Author: Rhys Williams
Four-piece Big Boss Man return with a new set of recordings that (whilst loosely falling within the soul/jazz genre) defy categorisation. Hailing from all corners of the country, their music is eclectic to say the least, yet manages to avoid sounding the least bit contrived or disjointed at any point
Lead single Aardvark is a funky soul number that sounds like it could've been lifted straight out of a Blues Brothers' set complete with whirling Hammond organ, wailing horns and gospel handclaps juxtaposed against frenetic Latin rhythms, it's a risky gumbo of musical styles but pays off a treat Likewise, the title track, featuring guest vocalist Princess Freesia, is a jazzy bossa nova that nonchalantly struts a very
fine line between Curtis Mayfield soul and out and out James Bondtheme. Hail Caesar has a touch of the Parisian experimentalism of Serge
Gainsbourg about it whilst also calling to mind the cascading piano lines of The Doors' Riders On The Storm.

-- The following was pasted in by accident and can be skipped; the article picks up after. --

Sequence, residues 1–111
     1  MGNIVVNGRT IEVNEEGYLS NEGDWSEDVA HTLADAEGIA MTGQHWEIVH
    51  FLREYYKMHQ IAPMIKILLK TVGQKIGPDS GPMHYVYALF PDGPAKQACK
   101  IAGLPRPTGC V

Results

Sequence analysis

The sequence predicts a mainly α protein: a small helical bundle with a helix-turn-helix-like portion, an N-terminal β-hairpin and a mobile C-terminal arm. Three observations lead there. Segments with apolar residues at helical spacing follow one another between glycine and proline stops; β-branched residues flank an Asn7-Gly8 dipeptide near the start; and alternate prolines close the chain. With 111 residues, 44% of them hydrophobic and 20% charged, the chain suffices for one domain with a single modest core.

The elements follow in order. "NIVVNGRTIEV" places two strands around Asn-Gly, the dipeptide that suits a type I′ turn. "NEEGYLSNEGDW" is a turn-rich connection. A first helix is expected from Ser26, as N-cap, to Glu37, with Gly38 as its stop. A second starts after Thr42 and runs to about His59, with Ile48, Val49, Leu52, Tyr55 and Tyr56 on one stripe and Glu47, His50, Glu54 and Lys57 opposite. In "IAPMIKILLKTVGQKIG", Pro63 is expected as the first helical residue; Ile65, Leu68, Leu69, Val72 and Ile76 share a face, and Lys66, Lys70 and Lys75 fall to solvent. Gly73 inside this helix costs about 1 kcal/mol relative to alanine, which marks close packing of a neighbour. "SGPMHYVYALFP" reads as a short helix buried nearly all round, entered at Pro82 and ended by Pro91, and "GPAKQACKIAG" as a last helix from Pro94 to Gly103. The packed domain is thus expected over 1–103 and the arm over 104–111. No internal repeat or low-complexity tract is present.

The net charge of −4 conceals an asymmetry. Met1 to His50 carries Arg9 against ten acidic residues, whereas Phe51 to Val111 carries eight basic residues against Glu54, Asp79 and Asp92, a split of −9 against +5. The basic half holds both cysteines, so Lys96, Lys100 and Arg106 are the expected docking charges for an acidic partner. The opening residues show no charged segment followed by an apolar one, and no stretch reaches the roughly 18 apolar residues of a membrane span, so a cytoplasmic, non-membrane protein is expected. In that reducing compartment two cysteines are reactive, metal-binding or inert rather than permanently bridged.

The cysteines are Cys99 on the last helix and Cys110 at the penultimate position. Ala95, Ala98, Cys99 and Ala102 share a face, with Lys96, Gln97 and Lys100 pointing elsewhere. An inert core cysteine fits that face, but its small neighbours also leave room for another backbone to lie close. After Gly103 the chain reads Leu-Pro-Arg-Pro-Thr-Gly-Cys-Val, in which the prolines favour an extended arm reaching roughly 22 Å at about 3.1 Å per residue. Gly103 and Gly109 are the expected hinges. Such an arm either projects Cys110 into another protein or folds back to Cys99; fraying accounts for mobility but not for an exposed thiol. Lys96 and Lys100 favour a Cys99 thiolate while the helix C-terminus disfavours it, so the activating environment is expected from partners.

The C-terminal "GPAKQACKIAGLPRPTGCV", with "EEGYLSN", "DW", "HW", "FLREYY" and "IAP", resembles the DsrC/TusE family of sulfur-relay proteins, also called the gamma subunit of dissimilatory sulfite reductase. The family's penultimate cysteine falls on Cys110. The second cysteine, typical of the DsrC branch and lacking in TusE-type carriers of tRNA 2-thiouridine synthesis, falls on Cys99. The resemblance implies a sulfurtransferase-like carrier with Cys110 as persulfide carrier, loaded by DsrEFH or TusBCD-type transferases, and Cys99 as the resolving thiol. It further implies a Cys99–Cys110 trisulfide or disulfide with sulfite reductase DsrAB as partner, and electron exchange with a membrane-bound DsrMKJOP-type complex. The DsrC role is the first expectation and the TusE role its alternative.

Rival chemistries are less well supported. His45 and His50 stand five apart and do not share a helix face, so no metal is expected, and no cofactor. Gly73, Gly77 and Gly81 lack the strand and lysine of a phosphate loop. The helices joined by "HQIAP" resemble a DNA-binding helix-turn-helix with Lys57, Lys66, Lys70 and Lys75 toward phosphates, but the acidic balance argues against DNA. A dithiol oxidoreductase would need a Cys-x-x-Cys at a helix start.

Changing Faces is another surprise departure; into a folksy psychedelia akin to the Zombies or Jefferson Airplane. There are of
course straighter moments that stick closer to the 'soul-band' formula, such as Crimson 6T's which has more than a touch of The Meters
about it and these are more than competent contributions to the canon. However, it's the sheer diversity on display here that sets Big Boss Man
apart from their contemporaries.
There's a brief mid-eastern Sitar segue in the form of Bombay Mix, a Bretchian waltz Le Dernier Homme Sur Terre, and the sci-fi psyche rock
of Project No.6 (of which even Pierre Henry would be proud). It would be easy, and somewhat cynical, to state that the band have included
something for everyone here, especially as such musical diplomacy can so often produce cold results ultimately of no interest to anyone. Last
Man On Earth is more an example of a band including everything for no-one but themselves, and creating something unique and unmissable
in the process.